But the really exciting thing would be to do something like this for Mike's new state sum model for 4d quantum gravity. And the real challenge would be to relate this --- if possible! --- to conventional string theory. In a coffeeshop I suggested that one might do this by using the usual formula for the action in (bosonic) string theory. This is simply the area of the string worldsheet with respect to some background metric. The loop representation of quantum gravity doesn't make reference to any background metric; the closest approximation to a classical metric is a "weave" state in which space is tightly packed with lots of loops or spin networks. From the 4d point of view, we'd expect this to correspond to a spacetime packed with lots of worldsheets. Now, given the relation between area and intersection number in the loop representation (see above!), one might expect the area of a given worldsheet to be roughly proportional to the number of its intersections with the other worldsheets in this "weave". But this is what one would expect in any theory where the worldsheets interact at intersections. So, one could hope that Mike's state sum model would be approximately equivalent to a string theory of the sort string theorists study.

There are lots of obvious problems with this idea, but it led to an interesting conversation, and I am still not convinced that it is crazy.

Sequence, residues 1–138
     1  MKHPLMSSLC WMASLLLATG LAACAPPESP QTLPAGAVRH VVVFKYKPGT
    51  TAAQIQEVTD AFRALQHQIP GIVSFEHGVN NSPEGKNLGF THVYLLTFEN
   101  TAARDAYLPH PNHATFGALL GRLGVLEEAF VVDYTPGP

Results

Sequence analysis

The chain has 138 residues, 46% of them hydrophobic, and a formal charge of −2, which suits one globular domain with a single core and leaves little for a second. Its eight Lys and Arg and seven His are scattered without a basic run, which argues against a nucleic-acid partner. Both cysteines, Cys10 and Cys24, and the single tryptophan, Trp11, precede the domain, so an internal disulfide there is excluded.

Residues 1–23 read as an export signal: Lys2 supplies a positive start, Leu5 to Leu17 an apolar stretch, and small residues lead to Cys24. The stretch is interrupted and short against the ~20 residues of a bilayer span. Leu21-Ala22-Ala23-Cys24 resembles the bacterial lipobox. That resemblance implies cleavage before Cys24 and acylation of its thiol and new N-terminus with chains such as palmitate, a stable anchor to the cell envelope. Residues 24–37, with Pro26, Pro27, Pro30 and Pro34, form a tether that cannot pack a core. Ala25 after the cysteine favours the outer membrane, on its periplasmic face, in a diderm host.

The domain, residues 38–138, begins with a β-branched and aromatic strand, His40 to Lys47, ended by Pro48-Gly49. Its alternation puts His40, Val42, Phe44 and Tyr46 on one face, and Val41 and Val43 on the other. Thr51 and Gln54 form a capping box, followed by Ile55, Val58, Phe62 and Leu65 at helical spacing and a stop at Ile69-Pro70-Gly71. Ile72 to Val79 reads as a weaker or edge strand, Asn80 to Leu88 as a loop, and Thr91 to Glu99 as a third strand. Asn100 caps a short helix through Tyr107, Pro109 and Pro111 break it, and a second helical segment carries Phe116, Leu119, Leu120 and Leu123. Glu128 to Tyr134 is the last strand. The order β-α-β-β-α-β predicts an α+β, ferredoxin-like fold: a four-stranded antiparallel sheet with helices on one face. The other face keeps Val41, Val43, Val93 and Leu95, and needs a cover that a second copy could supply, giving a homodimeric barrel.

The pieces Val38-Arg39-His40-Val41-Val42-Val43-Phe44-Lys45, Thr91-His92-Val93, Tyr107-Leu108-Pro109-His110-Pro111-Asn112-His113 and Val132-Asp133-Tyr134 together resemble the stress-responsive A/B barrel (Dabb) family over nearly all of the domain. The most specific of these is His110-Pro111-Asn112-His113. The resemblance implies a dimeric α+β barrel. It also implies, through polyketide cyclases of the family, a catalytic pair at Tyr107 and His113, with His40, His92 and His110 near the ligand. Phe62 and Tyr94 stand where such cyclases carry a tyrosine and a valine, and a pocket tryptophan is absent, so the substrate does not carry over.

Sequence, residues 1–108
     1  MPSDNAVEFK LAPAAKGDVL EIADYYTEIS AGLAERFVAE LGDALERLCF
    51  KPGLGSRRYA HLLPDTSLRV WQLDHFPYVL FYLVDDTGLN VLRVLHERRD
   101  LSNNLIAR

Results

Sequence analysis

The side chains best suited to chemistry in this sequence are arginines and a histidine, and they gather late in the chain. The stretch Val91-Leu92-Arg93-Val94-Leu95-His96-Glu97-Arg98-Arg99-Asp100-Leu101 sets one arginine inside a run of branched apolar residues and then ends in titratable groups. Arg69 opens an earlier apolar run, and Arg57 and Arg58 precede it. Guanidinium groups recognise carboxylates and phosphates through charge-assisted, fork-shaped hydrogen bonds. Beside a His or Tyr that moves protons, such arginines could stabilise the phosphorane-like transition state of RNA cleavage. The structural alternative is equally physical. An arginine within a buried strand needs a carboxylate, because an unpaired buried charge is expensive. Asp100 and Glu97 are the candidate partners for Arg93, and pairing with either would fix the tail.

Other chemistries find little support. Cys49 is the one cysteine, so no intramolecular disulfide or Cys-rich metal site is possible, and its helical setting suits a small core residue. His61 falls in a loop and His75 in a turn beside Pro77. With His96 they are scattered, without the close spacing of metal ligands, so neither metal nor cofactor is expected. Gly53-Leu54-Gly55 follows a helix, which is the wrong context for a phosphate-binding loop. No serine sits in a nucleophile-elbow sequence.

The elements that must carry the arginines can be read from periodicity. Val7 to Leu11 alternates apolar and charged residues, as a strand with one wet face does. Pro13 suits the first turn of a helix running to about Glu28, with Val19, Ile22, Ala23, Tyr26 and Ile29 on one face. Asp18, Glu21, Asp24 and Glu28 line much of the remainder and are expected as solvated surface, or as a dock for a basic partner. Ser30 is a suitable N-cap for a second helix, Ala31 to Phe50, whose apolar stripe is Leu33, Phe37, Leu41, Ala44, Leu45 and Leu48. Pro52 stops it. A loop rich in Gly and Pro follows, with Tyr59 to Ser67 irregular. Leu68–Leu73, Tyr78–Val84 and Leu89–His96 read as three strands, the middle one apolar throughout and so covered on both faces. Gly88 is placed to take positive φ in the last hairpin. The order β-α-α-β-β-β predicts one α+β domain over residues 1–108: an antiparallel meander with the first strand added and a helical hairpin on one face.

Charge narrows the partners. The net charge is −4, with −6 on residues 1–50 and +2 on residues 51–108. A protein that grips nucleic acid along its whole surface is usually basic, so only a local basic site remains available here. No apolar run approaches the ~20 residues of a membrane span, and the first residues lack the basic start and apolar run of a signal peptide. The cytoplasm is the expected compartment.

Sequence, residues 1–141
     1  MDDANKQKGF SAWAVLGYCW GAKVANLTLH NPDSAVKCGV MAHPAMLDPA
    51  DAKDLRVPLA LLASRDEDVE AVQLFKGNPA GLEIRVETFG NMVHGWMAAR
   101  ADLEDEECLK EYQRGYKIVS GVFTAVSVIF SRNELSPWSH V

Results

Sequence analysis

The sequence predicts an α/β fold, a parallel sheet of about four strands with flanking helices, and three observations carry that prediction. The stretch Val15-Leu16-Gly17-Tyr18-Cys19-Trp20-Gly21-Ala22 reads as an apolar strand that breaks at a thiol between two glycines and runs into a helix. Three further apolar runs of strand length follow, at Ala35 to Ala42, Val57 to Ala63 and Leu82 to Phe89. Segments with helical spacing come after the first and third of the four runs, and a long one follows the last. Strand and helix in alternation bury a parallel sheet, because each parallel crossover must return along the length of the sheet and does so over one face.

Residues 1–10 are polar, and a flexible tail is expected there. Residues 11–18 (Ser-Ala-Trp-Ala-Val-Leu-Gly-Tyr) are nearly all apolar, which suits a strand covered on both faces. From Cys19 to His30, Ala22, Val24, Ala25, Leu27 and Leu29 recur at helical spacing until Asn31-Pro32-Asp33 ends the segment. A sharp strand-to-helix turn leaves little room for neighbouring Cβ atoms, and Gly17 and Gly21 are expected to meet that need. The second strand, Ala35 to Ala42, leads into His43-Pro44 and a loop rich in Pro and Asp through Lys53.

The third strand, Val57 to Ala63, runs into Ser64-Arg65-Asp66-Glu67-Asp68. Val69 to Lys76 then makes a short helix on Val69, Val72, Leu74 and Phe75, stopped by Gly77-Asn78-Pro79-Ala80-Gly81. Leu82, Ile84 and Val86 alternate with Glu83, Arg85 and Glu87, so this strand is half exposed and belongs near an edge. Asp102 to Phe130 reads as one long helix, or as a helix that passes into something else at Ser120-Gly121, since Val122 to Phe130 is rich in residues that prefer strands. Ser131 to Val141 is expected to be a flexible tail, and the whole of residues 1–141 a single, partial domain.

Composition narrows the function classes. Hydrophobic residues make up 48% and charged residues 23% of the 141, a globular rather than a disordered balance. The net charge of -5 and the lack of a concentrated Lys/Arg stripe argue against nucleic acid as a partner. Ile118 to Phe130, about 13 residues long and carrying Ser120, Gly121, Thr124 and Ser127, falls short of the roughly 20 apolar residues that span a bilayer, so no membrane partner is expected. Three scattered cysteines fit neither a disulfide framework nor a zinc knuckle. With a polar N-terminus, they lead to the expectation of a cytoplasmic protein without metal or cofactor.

Thursday, July 11th - Jorge Pullin spoke on skein relations and the Hamiltonian constraint in lattice quantum gravity. His idea was that the Hamiltonian constraint contains a "topological factor" which serves as a skein relation on loop states.

Friday, July 12th - Abhay Ashtekar gave a talk on "Noncommutativity of Area Operators". This explained how the rather shocking fact that the area operators for two intersecting surfaces needn't commute actually has a perfect analog in classical general relativity.

Mike Reisenberger spoke on "Euclidean Simplicial GR". This presented the details of his state sum model. Since he hasn't published this yet, and since I am getting a bit tired out, I won't describe it here.

Monday, July 15th - Renate Loll gave a talk on the volume and area operators in lattice gravity. I wrote a bit about her work on the volume operator in "week55", and more can be found in:

5) Renate Loll, The volume operator in discretized quantum gravity, preprint available as gr-qc/9506014, 15 pages.

Renate Loll, Spectrum of the volume operator in quantum gravity, preprint available as gr-qc/9511030, 14 pages.

Also, Jerzy Lewandowski spoke on his work with Ashtekar on the volume operator in the continuum theory:

6) Jerzy Lewandowski, Volume and quantizations, preprint available as gr-qc/9602035, 8 pages.

Abhay Ashtekar and Jerzy Lewandowski, Quantum theory of geometry II: volume operators, manuscript in preparation.

The volume operator is more tricky than the area operator, and various proposed formulas for it do not agree. This is summarized quite clearly in Jerzy's paper.

In fact, I have already left Vienna by now. I was too busy there to keep up with This Week's Finds, but my life is a bit calmer now and I will try to finish these reports soon.

© 1996 John Baez
baez@math.removethis.ucr.andthis.edu